The International Energy Agency has called on OPEC to increase output in the fourth quarter so oil importers can build stockpiles before winter in the northern hemisphere and prevent further gains in prices. Indonesia, OPEC's second-smallest producer, is alone so far among the 12-member group in calling for an increase in production.

OPEC should leave its quotas unchanged, Qatari Oil Minister Abdullah bin Hamad Al-Attiyah said today. ``We should roll over production,'' Al-Attiyah said in an interview in Doha, Qatar's capital. ``The price is high because of geopolitics and a lack of oil refining capacity.''

Crude oil has almost tripled in four years, rising to a record close of $78.21 a barrel on July 31 in New York. Demand in China and India and supply disruptions in OPEC members Iraq, Nigeria and Venezuela are driving up prices.

Crude oil for October delivery was at $74.35 a barrel, up 31 cents, in after-hours electronic trading on the New York Mercantile Exchange at 9:57 a.m. in London.”

The article even BEGINS with a mispresentation... "OPEC, the supplier of more than 40% of the world's oil..." OPEC supplies over 70% of the world's oil exports - what the heck does an oil importer care more about? World production or world exports? Is it even close? JUST LOOK AT THE NAME! The Ogranization of Petroleum EXPORTING Countries! It is not the Organization of Petroleum PRODUCING Countries, is it? Because it is their ability to EXPORT that makes them important, and because of declining oil production and increased domestic oil consumption these guys are going to be exporting less, and less, and less...

Now, I know my Wall Street colleagues might buy the Qatari Minister’s explanation… but, really… what do “geopolitics and refining capacity” have to with the “high price” of oil, in a world where inventories are being drawn down and gross exports (oil available on the world market to importing nations) are in decline? If the problem was “geopolitics” tanker rates would be near their highs to compensate for the risks, and if refining capacity were the problem, the “crack spread” (the margin, or “spread”, that refiners receive between the difference for a barrel of crude and a barrel of refined product) would be huge, yet they are below average. This can be seen in gasoline, as prices are down 30 to 40 cents per gallon retail in the past 90 days, yet the price of a barrel of oil in the spot market today is about the same, or higher, than the average for the month when gasoline hit its high.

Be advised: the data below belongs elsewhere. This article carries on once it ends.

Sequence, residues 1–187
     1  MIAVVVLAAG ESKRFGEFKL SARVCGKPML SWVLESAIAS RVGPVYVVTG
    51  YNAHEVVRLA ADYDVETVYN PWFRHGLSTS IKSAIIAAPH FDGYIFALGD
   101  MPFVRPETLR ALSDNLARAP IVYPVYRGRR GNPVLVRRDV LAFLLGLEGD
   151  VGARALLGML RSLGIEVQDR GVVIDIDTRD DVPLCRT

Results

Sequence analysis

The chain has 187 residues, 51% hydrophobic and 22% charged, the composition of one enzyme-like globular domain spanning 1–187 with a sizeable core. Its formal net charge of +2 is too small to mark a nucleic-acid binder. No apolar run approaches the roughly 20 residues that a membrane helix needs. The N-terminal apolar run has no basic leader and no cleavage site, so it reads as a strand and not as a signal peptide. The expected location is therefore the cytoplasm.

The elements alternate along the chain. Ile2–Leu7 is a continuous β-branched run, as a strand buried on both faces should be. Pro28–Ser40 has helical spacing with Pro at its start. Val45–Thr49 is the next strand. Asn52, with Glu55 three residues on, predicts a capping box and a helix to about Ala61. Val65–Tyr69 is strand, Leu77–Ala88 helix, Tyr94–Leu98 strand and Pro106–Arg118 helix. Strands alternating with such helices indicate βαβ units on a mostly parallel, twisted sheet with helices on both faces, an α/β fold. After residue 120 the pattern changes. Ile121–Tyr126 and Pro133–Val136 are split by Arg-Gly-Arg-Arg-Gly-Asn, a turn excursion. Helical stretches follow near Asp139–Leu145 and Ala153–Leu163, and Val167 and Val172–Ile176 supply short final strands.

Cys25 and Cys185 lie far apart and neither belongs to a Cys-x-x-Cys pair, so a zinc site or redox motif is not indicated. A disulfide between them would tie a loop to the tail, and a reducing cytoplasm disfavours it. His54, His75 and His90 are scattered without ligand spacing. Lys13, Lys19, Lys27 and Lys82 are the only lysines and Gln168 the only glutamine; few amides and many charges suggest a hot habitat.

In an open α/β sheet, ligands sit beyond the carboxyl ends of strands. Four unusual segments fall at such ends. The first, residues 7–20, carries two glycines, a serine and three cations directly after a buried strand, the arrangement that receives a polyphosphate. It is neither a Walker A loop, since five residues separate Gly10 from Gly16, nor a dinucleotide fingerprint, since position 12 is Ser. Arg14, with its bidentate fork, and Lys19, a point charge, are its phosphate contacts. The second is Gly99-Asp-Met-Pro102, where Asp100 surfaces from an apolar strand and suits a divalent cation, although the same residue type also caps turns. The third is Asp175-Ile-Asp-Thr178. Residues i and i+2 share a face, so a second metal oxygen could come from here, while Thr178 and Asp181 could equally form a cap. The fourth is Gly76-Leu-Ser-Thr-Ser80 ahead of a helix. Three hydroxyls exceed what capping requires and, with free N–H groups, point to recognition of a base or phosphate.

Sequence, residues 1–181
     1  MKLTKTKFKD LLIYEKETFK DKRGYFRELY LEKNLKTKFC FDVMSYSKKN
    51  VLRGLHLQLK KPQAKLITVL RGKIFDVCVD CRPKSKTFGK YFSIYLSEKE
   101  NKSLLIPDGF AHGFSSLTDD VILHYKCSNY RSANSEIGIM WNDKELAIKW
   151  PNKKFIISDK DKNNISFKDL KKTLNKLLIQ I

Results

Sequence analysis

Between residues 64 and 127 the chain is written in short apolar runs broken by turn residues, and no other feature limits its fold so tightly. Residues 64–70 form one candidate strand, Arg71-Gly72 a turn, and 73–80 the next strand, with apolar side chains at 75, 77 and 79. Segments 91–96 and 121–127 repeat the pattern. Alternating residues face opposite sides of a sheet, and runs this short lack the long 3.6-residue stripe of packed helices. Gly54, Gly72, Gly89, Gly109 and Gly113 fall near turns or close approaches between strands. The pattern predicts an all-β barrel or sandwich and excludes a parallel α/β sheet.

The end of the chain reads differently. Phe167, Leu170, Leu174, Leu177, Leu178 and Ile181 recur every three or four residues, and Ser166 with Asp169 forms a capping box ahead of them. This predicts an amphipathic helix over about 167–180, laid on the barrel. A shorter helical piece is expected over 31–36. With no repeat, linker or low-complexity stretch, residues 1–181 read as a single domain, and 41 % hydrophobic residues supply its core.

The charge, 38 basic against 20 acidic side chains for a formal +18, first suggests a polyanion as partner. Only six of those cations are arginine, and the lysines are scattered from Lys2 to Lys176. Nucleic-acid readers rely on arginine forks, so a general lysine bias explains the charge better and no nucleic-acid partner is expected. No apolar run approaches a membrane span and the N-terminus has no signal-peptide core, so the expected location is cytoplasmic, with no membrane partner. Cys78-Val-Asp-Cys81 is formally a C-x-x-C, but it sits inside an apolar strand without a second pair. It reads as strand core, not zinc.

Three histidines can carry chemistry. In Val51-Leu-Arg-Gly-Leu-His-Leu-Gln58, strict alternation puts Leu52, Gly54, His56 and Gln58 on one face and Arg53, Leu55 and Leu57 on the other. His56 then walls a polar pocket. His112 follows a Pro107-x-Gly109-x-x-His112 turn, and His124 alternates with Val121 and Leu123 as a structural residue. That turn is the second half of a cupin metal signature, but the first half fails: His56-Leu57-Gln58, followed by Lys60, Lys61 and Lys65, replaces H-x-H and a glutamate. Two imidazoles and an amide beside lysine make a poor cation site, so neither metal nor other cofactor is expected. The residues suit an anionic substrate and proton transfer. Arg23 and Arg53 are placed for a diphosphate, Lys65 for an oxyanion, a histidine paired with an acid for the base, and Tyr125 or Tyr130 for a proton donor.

In other words the Qatari Minister is completely full of it… and did the Bloomberg reporter call him out on it? HA! Our media can’t wait to out some dopey politician’s sexual Peccadilloes, but call out an OPEC Minister on the most important issue of our time? Nah. We can trust these guys. They wouldn’t mislead us. We’re their friend.

Folks, you don’t have to wait for the September 11 OPEC meeting. The only thing you can believe coming from these guys is this: OPEC will not increase its production quotas this fall. I don’t believe they can, but even if they could – IT IS NOT IN OPEC’S INTERESTS TO DO SO.
Yours for a better world,

Mentatt (at) yahoo (dot) com